General Question

Pietro's avatar

How much does it cost per year to have a baby and toddler in San Francisco?

Asked by Pietro (65points) October 17th, 2008

Including all of the pregnancy costs, delivery costs, and any costs to care for the baby in its first year of life, how much should I plan to spend? In general, how much per year for a toddler?

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11 Answers

MarcIsMyHero's avatar

I dont live in San Francisco and I also dont have a child but I think its safe to assume there isnt a set standard for “how much a child costs.” Depending on your income, what you may spend is going to be wildly different from what someone else may spend. Are you talking about doctor’s fees, or diapers, food, and clothing? Do you have insurance? All of these factors will make it difficult to put a number on a baby. Depending on how you would like to raise your child and what type of lifestyle you lead is another variable.

marinelife's avatar

MarcIsMyHero is right. It depends on your income and it depends on whether it is a two-parent or single parent family.

In the Urban West, the annual cost from 0–2 is $8,770 (compares to $7,830 for average whole U.S.) for a two-parent household and from 3–5 the annual cost rises to $8,970. ($8,020 is the national average.) These are 2007 figures. Here is the entire document from the US government.

basp's avatar

I agree with Marci. I raised two children in the bay area and there are a lot of variables. At the time we were young and just starting out, didn’t have much. You would be amazed at how many creative ways there are to cut corners if you put your mind to it.

zina's avatar

I’m sure Pietro knows that it depends and that there are many variables, but that’s just why real-life examples by real people are useful ~ and that’s just what Fluther’s for.

I would give them but I don’t have kids. My cousin in San Diego said ~$1000/month for her infant, and I think much of that was for daycare (after just 6 weeks!). Thanks Marina for the national stats—- any personal stories? @basp, how did you cut costs? how much did it save? Anybody doing it now any willing to share a rough budget?

basp's avatar

One way to cut costs is to belong to a ‘mothers’ group. We traded baby sitting, passed along clothes, strollers, high chairs, etc.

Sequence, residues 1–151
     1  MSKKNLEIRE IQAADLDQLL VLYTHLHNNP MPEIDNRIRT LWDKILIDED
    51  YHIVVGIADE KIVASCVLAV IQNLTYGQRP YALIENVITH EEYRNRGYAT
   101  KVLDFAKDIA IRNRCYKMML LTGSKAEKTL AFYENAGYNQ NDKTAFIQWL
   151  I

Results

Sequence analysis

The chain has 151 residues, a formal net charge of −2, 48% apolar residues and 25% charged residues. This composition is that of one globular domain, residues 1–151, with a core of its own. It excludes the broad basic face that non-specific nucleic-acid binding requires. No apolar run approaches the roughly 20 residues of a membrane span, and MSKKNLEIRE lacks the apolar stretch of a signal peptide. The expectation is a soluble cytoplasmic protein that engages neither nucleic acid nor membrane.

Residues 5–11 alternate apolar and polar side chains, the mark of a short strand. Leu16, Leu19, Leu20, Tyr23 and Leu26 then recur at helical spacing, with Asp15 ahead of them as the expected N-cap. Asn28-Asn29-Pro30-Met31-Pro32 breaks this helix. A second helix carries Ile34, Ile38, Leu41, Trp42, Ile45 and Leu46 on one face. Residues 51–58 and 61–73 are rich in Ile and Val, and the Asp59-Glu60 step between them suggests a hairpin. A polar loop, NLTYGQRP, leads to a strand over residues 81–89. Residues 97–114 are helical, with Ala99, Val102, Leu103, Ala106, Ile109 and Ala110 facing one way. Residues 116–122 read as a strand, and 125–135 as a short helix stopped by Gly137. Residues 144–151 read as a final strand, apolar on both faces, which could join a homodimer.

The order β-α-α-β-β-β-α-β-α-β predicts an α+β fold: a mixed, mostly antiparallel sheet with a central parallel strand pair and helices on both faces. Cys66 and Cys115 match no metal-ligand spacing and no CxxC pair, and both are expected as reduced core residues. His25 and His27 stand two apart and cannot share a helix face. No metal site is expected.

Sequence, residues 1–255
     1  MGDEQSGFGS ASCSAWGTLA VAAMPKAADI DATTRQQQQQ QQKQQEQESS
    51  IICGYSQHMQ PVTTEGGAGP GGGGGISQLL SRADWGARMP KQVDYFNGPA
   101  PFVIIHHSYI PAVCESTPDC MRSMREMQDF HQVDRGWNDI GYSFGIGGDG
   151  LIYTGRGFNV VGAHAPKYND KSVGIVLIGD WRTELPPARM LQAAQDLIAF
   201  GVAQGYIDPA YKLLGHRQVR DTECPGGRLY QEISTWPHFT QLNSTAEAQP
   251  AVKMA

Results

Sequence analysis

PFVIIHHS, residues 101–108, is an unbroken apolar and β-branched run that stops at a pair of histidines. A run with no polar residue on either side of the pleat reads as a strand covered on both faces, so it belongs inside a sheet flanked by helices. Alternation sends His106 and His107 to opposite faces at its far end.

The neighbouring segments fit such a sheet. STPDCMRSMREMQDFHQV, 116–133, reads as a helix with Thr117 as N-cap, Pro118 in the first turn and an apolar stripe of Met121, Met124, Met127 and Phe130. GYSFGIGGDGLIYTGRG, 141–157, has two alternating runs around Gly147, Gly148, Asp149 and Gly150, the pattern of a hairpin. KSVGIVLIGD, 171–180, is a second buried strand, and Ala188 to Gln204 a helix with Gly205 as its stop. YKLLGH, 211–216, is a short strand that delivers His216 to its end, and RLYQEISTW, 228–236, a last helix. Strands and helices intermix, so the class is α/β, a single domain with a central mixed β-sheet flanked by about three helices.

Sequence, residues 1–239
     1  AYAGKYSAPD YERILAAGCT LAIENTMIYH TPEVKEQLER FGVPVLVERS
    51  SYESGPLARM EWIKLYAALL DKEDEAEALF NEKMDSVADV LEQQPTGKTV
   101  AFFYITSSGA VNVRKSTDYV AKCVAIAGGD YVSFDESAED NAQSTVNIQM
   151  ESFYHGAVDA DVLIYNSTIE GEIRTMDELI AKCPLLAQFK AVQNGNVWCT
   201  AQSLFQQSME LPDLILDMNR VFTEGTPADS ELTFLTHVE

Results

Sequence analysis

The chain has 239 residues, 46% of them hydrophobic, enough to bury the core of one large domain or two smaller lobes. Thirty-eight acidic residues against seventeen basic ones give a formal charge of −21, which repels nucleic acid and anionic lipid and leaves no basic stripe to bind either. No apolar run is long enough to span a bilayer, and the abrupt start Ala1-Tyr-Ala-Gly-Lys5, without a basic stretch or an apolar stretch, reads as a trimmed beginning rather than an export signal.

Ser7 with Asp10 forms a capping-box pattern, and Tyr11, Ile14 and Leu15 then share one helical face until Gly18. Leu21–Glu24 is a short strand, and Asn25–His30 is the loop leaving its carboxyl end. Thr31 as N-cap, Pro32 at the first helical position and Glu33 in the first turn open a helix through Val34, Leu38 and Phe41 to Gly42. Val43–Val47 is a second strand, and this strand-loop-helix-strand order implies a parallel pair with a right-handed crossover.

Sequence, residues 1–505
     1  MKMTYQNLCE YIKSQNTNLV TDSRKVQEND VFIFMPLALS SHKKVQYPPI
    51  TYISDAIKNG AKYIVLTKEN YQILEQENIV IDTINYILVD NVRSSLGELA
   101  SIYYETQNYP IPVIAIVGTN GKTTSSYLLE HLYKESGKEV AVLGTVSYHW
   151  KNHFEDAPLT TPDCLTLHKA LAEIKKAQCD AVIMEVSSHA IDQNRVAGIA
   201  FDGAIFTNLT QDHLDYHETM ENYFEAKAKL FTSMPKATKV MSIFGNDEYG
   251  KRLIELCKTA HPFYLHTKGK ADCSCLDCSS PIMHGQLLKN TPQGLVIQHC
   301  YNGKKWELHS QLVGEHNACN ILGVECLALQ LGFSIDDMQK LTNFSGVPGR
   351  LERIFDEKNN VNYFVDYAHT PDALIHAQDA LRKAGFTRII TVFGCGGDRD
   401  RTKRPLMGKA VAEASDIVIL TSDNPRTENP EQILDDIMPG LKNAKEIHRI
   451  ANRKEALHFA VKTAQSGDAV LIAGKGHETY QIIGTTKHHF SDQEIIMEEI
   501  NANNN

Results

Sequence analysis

We also belonged to the food co op which helped with food prices.
Another thing, the bay area has a lot of free or nearly free activities for young families.
That is about specific as I can get, zina. My toddlers are grown men now and that was many years ago. I imagine most families have a sense f where they can tighten the purse strings.

jvgr's avatar

Many large cities do have residents who do keep track of things like this as do some municipal governments, and city newspapers sometimes print information like this.

try some searches on google like: <“San Francisco” “cost to raise a child”>

gooch's avatar

Whatever it is that child will pay you back in joy I promise. ...first hand experiance I have Three

jvgr's avatar

PS: I never looked for this kind of information myself but many years after it was a moot point our paper did have an article. Seeing that information prior to having children would have been highly persuasive to not.

To add a bit to gooch’s comment, from the child’s perspective, your money is less important than your time.

shilolo's avatar

I have a baby/toddler in the bay area. It is not cheap. Day care alone for an infant is anywhere from $1000–1700/month. A nanny or nanny share would be more than that (at least $2000/month). Diapers, formula, clothes, books, etc. also add up. So, depending on how you plan on caring for the baby (self, day care, nanny), it could range from the cost of incidentals (lets say $300/month) to more than $2000/month.

poofandmook's avatar

The numbers Marina provided should be at least doubled or tripled if you’re including the doctors and hospital, as stated in the question. That’s coming from my experience working in a hospital and having random discussions with my friends in billing :)

Pietro's avatar

Thanks everyone. I have wanted a general range. Yes, I know that all variables considered, the question is meaningless. The national averages were what I was going for – well, averages in the Bay Area. I am not doing a cost benefit analysis of having children or not. I have decided on having kids and I just want to prepare by getting a job that pays well enough to take care of a baby.

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